skip to main content
Resource type Show Results with: Show Results with: Index

Assault related substance use as a predictor of substance use over time within a sample of recent victims of sexual assault

Resnick, Heidi S ; Walsh, Kate ; Mccauley, Jenna L ; Schumacher, Julie A ; Kilpatrick, Dean G ; Acierno, Ron E

Addictive Behaviors, August 2012, Vol.37(8), pp.914-921 [Peer Reviewed Journal]

Full text available online

View all versions
Citations Cited by
  • Title:
    Assault related substance use as a predictor of substance use over time within a sample of recent victims of sexual assault
  • Author/Creator: Resnick, Heidi S ; Walsh, Kate ; Mccauley, Jenna L ; Schumacher, Julie A ; Kilpatrick, Dean G ; Acierno, Ron E
  • Language: English
  • Subjects: Sexual Assault ; Drug Use ; Alcohol Abuse ; Screening ; Intervention ; Social Welfare & Social Work
  • Is Part Of: Addictive Behaviors, August 2012, Vol.37(8), pp.914-921
  • Description: Substance use at time of assault is reported by a significant subgroup of rape victims. This study examined: (1) prevalence of assault related marijuana or alcohol use among women seeking post-rape medical care; (2) sensitivity, specificity, positive and negative predictive power associated with reported use at time of assault in association with use in 6 weeks pre-assault, post-assault use, and post-assault abuse; and (3) trajectories of use and abuse over time as a function of use in 6 weeks pre-assault/assault time frame use, exposure to brief intervention, and interaction of pre-assault/assault time frame use with intervention. Participants were 268 women seeking post-sexual assault medical services completing one or more follow-up assessment at: (1) < 3 months post-assault; (2) 3 to 6 months post-assault; and (3) 6 months or longer post-assault. Use of alcohol or marijuana at time of assault was a fairly sensitive and specific indicator respectively, of reported use of specific substance in the 6 weeks preceding assault and use or abuse at follow-up. Growth modeling revealed that use of alcohol or marijuana at the time of the assault or in the 6 weeks prior to assault predicted higher Time 1 follow-up alcohol and marijuana use and abuse. Although there was relatively little change in use or abuse over time, alcohol use at time of the assault or in the 6 weeks prior also predicted a steeper decline in alcohol use over the course of follow-up. Interestingly, women who reported using marijuana at the time of the assault or in the 6 weeks prior who also received a video intervention actually had lower initial marijuana use, a pattern that remained stable over time. Implications for evaluating screening, brief intervention and referral to treatment services among sexual assault victims seeking post-assault medical care are discussed. ► We examine prevalence of reported use of alcohol/marijuana at time of sexual assault. ► We examine drug use at time of assault in association with reported pre-assault use. ► We examine prior use and trajectory of drug use and abuse over time. ► Impact of a brief intervention on post-assault drug use is assessed.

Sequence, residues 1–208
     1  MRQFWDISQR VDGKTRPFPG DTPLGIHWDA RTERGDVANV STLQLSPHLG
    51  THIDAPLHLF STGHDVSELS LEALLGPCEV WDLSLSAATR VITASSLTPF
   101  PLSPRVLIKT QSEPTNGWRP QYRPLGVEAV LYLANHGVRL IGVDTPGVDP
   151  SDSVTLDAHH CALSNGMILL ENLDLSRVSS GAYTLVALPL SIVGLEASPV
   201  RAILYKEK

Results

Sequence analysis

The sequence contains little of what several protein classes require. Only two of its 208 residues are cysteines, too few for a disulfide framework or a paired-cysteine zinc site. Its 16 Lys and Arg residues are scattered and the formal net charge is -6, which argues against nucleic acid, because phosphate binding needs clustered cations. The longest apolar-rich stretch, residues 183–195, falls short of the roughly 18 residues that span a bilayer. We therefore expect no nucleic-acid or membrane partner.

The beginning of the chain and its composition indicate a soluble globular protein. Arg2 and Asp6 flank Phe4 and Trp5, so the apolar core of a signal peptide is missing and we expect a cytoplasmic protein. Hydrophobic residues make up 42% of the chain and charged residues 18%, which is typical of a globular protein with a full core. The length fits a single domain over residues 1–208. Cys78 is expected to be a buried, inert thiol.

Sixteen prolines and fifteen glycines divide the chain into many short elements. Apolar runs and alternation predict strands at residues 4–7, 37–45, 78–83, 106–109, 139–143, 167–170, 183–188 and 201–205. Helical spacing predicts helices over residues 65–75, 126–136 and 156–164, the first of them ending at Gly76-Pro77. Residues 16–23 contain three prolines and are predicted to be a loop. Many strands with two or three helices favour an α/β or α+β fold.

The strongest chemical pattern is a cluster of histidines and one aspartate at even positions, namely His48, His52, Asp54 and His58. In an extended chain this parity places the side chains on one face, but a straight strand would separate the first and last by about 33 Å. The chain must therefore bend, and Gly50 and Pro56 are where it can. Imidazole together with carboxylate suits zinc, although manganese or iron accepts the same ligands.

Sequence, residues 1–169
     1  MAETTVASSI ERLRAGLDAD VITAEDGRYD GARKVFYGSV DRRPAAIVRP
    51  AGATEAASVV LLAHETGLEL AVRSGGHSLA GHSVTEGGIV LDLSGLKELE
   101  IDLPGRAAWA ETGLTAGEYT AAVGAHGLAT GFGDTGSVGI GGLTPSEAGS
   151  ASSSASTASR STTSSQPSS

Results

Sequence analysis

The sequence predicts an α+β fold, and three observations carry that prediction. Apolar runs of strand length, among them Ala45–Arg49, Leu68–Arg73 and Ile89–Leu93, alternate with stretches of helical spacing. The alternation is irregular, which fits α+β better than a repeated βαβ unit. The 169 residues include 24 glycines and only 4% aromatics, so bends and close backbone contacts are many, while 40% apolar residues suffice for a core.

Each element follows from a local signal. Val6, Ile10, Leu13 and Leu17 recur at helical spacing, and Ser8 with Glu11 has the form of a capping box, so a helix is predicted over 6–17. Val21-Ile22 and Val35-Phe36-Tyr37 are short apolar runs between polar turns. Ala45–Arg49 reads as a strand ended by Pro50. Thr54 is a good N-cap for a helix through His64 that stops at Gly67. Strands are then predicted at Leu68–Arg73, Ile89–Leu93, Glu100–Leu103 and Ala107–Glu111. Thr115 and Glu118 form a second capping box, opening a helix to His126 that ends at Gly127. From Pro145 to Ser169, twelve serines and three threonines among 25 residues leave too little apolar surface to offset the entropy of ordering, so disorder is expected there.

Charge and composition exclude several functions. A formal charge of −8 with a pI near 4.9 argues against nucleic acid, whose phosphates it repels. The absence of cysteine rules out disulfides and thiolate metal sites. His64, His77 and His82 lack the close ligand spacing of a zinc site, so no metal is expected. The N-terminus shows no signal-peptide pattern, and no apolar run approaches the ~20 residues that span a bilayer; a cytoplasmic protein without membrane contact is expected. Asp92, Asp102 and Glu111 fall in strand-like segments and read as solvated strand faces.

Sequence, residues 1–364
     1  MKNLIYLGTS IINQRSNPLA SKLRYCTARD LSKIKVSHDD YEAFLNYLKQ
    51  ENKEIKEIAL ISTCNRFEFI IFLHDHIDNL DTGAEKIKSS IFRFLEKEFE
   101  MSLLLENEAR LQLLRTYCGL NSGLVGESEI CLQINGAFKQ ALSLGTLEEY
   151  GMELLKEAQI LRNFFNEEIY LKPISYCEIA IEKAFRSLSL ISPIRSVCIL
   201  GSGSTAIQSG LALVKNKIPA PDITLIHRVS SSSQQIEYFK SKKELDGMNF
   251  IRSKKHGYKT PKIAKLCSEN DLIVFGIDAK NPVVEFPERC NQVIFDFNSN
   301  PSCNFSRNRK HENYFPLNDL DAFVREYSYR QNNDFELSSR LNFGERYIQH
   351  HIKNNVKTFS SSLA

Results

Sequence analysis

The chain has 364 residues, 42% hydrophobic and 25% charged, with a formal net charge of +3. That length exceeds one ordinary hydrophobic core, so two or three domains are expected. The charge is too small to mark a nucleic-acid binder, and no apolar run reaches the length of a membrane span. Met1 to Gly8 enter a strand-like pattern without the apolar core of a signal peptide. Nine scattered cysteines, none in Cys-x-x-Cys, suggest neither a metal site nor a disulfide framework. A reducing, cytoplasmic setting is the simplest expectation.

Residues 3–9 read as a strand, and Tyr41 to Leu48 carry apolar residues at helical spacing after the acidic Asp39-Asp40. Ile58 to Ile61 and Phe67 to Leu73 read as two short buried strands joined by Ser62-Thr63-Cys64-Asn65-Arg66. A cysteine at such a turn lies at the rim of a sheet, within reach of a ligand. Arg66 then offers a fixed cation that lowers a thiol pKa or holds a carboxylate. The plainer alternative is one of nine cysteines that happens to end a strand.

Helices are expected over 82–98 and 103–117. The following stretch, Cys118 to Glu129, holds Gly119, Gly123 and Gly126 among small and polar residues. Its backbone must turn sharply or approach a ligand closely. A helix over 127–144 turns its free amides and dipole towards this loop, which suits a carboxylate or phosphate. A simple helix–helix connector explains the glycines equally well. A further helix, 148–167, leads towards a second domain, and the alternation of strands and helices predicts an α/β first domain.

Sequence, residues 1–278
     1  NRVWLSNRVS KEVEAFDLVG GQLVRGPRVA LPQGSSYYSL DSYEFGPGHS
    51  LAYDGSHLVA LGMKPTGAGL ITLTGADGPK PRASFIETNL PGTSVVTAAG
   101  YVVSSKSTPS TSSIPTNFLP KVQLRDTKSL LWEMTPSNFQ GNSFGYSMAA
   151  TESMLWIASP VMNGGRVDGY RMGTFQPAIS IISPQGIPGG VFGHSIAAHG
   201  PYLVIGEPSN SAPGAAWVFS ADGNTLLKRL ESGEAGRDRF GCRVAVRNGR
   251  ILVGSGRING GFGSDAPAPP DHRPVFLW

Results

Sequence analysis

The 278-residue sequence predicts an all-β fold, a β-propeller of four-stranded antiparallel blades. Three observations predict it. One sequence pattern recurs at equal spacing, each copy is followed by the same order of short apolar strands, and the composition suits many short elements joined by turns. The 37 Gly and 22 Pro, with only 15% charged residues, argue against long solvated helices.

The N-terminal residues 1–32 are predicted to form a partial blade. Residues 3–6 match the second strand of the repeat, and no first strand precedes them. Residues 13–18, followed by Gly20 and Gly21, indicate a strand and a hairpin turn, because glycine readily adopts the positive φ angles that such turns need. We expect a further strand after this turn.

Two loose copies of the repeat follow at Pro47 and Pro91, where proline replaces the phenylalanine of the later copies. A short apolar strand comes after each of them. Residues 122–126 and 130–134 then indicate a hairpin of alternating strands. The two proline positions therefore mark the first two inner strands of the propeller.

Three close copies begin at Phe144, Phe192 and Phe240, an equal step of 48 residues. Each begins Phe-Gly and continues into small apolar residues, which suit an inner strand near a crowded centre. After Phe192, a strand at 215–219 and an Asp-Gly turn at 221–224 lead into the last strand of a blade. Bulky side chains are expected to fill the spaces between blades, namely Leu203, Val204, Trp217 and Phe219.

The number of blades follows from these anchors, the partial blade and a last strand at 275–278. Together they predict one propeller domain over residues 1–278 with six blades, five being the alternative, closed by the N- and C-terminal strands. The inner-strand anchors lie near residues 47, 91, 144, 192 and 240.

• Identifier: ISSN: 0306-4603 ; E-ISSN: 1873-6327 ; DOI: 10.1016/j.addbeh.2012.03.017